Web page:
If we hold a magnet over a miscellaneous heap of filings of brass, silver, gold, iron, lead and other metals, we shall find that it selects only iron filings and that even of them it will take no more than its strength enables it to lift. Its attractive power is of a certain kind and is limited to a certain quantity of that kind. The same is true of the seed-atom. It can take, in each Region, nothing except the material for which it has an affinity and nothing beyond a certain definite quantity even of that. Thus the vehicle built around this nucleus becomes an exact counterpart of the corresponding vehicle of the last life minus the evil which has been expurgated and plus the quintessence of good which has been incorporated in the seed-atom.
The material selected by the threefold spirit forms itself into a great bell-shaped figure, open at the bottom and with the seed-atom at the top. If we conceive of the illustration spiritually we may compare it to a diving-bell descending into a sea composed of fluids of increasing density. These correspond to the different subdivisions of each World. The matter taken into the texture of the bell-shaped body makes it heavier, so that it sinks into the next lower subdivision and it takes from that its proper quota of matter. Thus it becomes still heavier and sinks yet deeper until it has passed through the four subdivisions of the Region of Concrete Thought and the sheath of the new mind of the man is complete. Next the forces in the seed-atom of the desire body are awakened. It places itself at the top of the bell, inside, and the materials of the seventh Region of the Desire World draw around it until it sinks to the sixth Region, getting more material there, and this process continues until the first Region of the Desire World is reached. The bell has now two layers-the sheath of mind outside and the new desire body inside.
The seed-atom of the vital body is next aroused into activity, but here the process of information is not so simple as in the case of the mind and the desire body, for it must be remembered that those vehicles were comparatively unorganized, while the vital body and the dense body are more organized and very complicated. The material, of a given quantity and quality, is attracted in the same manner and under the operation of the same law as in the case of the higher bodies, but the building of the new body and the placement in the proper environment is done by four great Beings of immeasurable wisdom, which are the Recording Angels, the "Lords of Destiny." They impress the reflecting ether of the vital body in such a way that the pictures of the coming life are reflected in it. It (the vital body) is built by the inhabitants of the Heaven World and the elemental spirits in such a manner as to form a particular type of brain. But mark this, the returning Ego itself incorporates therein the quintessence of its former vital bodies and in addition to this also does a little original work. This is done that in the coming life there may be some room for original and individual expression, not predetermined by past action.
It is very important to remember this fact. There is too great a tendency to think that all which now exists is the result of something that previously existed, but if that were the case there would be no margin left for new and original effort and for new causes. The chain of cause and effect is not a monotonous repetition. There is an influx of new and original causes all the time. That is the real backbone of evolution--the only thing that gives it meaning and makes it other than an unrolling of latent actualities. This is "Epigenesis"--the free-will that consists of the freedom the inaugurate something entirely new, not merely a choice between two courses of action. This is the important factor which alone can explain the system to which we belong in a satisfactory manner. Involution and Evolution is themselves are insufficient; but coupled with Epigenesis we have a full triad of explanation.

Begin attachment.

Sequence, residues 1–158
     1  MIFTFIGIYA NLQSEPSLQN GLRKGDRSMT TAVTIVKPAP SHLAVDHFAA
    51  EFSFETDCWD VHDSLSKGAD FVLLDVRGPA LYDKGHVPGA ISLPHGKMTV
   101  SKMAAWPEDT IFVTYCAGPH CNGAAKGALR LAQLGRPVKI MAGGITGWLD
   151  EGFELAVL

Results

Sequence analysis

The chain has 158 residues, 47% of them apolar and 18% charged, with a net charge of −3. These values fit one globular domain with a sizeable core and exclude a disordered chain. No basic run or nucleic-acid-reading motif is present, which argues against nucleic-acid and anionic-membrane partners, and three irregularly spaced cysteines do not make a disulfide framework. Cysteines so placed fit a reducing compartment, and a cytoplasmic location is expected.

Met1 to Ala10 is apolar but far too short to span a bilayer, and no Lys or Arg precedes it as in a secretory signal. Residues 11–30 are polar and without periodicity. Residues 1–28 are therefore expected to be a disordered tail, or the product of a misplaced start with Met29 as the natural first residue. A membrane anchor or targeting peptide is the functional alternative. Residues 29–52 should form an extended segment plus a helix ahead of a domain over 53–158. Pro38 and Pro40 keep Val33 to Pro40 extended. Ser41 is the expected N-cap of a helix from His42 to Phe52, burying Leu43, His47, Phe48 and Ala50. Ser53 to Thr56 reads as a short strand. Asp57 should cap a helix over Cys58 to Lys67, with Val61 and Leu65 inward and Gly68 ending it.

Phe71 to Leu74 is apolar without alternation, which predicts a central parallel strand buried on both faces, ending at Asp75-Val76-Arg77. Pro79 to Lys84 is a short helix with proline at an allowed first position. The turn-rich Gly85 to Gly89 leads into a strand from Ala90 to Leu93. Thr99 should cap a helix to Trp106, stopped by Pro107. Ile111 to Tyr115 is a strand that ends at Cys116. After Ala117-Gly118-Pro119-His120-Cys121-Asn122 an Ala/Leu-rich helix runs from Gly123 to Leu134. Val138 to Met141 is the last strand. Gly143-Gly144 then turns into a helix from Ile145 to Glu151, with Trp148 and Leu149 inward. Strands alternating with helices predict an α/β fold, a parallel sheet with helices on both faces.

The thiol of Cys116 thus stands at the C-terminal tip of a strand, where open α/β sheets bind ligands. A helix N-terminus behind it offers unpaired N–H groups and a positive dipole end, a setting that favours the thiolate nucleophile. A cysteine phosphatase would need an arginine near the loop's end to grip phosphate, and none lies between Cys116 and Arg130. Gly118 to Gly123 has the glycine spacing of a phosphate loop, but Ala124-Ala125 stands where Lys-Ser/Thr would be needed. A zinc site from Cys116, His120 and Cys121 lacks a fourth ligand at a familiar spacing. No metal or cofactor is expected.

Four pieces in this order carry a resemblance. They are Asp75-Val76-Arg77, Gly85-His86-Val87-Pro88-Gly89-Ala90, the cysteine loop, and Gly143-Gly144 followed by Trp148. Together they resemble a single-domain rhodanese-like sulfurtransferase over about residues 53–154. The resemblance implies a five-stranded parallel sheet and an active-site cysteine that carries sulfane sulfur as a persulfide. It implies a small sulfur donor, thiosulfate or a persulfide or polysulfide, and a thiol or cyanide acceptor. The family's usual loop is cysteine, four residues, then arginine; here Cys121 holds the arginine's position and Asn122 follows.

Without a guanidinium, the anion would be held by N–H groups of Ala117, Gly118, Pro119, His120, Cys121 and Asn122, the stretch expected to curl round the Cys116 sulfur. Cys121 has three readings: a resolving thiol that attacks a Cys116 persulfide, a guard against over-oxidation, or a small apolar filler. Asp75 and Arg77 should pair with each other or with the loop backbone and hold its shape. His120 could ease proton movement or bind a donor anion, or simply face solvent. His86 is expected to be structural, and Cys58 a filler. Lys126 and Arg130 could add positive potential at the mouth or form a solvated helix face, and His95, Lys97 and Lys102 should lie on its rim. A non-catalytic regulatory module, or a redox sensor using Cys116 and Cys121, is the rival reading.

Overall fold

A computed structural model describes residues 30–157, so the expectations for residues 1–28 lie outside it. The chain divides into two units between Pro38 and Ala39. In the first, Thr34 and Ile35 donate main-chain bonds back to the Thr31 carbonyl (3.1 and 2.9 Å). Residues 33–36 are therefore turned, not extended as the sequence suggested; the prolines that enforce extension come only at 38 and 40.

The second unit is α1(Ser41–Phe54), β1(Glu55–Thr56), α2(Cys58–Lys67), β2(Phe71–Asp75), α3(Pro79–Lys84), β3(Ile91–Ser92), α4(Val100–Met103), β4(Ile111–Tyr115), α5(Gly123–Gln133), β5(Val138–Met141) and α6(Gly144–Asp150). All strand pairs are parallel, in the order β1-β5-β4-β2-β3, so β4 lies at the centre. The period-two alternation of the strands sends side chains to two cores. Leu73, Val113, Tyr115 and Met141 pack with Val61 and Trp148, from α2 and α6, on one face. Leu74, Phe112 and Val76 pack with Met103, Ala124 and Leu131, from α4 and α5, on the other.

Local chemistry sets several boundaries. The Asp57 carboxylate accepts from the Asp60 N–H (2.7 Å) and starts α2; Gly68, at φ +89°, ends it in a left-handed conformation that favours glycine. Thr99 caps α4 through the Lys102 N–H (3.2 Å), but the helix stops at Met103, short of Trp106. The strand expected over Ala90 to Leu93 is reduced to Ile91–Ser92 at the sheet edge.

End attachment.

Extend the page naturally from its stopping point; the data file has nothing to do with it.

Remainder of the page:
The fate of an individual generated under the law of Consequence, is of great complexity and involves association with Egos in and out of physical existence, at all times. Even those living at one time may not be living in the same locality, so that it is impossible for one individual's destiny to be all worked out in one lifetime or in one place. The Ego is therefore brought into a certain environment and family with which it is some way related. As regards the fate to be worked out, it is sometimes immaterial into which one of several environmental the Ego is reborn, and when such is the case, it is allowed its choice as far as possible, but once an Ego is so placed the agents of the Lords of Destiny watch unseen, that no act of free will shall frustrate the working out of the portion of fate selected. If we do aught of such as to circumvent that part, they will make another move, so as to enforce fulfillment of the destiny. It cannot be too often reiterated, however, that this does not render man helpless. It is merely the same law that governs after we have fired a pistol. We are then unable to stop the bullet, or even to deflect it from its course in any way. Its direction was determined by the position in which the pistol was held when we fired. That could have been changed at any time before the trigger was pulled, as up to that time we had full control. The same is true regarding new actions which make future destiny. We may, up to a certain point, modify or even altogether counteract certain causes already set in motion, but once started, and no further action taken, they will get beyond our control. This is called "ripe" fate and it is this kind that is meant when it is said that the Lords of Destiny check every attempt to shirk it. With regard to out past we are to a great extent helpless, but in regard to future action we have full control, except insofar as we are hampered by our past actions. By and by, however, as we learn that we are the cause of our own sorrow or joy, we shall awake to the necessity of ordering our lives more in harmony with the laws of God and thus rise above these laws of the Physical World. That is the key to emancipation; as Goethe says: